Today we see Jesus sending out the apostles to spread their wings and try a little ministry on their own.
He “summoned his twelve disciples and gave them authority over unclean spirits, to cast them out, and to cure every disease and every sickness.”
That’s pretty important work, and pretty advanced work for a group of people who much of the time seem to not just have trouble understanding Jesus’ teaching, but often behave according to the exact opposite of what he’s trying to convey.
But Jesus, in a spectacular instance of the risk-taking behavior he so often displays, trusts them with significant power and authority.
And what drew my eye as I read it this time was the last name on the list. “These are the names of the twelve apostles: first, Simon, also known as Peter, and his brother Andrew; James son of Zebedee, and his brother John; Philip and Bartholomew; Thomas and Matthew the tax collector; James son of Alphaeus, and Thaddaeus; Simon the Cananaean, and Judas Iscariot, the one who betrayed him.”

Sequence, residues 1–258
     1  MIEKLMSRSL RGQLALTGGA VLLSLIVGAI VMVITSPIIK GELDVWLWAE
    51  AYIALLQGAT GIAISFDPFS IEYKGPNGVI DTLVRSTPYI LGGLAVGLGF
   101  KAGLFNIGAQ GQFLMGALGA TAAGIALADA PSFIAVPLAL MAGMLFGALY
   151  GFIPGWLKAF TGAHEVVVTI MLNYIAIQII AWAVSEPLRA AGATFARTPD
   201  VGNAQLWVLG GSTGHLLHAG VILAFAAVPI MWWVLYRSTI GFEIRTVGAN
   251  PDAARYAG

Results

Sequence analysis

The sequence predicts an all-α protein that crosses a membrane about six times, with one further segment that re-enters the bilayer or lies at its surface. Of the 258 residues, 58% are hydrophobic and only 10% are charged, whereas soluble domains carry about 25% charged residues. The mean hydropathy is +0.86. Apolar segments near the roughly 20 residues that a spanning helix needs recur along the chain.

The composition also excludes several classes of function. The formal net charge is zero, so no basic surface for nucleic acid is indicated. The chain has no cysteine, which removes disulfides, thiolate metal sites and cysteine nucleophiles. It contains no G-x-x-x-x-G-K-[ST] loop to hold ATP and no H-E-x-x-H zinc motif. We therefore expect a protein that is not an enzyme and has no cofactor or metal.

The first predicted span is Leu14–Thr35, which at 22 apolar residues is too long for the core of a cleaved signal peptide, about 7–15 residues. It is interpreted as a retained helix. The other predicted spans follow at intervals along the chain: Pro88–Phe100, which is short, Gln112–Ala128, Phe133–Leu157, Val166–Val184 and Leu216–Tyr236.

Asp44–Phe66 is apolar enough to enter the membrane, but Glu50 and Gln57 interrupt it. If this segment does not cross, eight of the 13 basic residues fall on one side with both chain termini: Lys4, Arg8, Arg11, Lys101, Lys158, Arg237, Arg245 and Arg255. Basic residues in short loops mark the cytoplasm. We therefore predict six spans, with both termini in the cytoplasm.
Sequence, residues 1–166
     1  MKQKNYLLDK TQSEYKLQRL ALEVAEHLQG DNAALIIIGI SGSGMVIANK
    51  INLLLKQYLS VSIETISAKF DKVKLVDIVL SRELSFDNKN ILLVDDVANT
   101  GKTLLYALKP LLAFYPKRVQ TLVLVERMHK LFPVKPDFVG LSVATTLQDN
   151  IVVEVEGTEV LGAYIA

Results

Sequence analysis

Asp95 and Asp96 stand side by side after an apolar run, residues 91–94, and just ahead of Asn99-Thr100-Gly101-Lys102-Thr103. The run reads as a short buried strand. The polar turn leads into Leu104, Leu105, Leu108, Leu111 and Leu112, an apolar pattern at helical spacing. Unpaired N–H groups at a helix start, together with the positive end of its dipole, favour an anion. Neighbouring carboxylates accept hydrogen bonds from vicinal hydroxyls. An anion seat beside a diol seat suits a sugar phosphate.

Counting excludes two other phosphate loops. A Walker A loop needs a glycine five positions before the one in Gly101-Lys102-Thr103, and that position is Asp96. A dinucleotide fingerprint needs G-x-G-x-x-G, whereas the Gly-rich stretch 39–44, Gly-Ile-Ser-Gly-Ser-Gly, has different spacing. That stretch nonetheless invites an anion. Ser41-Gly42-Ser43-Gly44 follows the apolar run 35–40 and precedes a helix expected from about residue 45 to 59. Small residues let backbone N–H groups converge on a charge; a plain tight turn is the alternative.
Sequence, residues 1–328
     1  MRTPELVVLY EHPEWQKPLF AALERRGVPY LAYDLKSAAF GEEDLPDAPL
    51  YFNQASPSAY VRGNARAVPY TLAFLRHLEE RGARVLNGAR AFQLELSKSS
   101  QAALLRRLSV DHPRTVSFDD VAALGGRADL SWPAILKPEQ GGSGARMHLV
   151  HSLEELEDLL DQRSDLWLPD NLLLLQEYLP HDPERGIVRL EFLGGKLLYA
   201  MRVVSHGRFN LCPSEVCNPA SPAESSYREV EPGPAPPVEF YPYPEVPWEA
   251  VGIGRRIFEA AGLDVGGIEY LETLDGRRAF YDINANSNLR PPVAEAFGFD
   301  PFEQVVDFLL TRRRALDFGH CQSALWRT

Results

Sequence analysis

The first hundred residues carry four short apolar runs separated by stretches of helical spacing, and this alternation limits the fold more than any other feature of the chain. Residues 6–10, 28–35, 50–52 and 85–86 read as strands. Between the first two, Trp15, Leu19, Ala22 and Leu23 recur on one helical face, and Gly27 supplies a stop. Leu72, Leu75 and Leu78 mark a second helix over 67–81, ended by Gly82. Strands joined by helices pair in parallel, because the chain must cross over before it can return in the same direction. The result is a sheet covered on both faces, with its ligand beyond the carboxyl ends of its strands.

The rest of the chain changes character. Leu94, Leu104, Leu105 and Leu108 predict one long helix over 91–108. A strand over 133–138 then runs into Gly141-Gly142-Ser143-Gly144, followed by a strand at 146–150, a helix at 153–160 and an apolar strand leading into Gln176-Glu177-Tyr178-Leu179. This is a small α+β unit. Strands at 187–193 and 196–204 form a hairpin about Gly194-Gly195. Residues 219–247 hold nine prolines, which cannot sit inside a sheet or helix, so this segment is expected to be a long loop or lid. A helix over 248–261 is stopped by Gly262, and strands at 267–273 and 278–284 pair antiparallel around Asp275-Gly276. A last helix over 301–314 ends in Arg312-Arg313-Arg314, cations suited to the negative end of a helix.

Jesus sends Judas out with power over unclean spirits and the ability to cure every disease and sickness.
Judas who will betray him, as Matthew takes pains to remind us.
It seems unwise at best to send out a man that Jesus must at least have an inkling or maybe even full knowledge of his tendency to judgmentalism (“This money should have been used for the poor!” in response to a generous woman’s loving anointing of Jesus feet in Matthew 26), greed (“He was a thief; he kept the common purse and used to steal what was put into it,” according to John), and of course the betrayal itself, Jesus’ life for thirty pieces of silver.
What kind of person is this to entrust with divine power?
But Jesus does.
What do we make of this?
Well, first, let’s ask what happens. Are the disciples successful in what Jesus has asked them to do?
Matthew doesn’t tell us, but Luke quotes a group of disciples returning from being sent out to minister, writing that they “returned with joy, saying, ‘Lord, in your name even the demons submit to us!’”
It seems likely that if Judas had not been successful, one or more of the gospel writers would have certainly wanted to rub it in and gleefully point it out, so we’re left with the assumption that Judas completed the good works of casting out demons and liberating people from illness and possession.
We most often only think of “Judas the Betrayer,” but here, right in the text, we have “Judas the Missionary” and “Judas the Healer.” Fascinating! Continue reading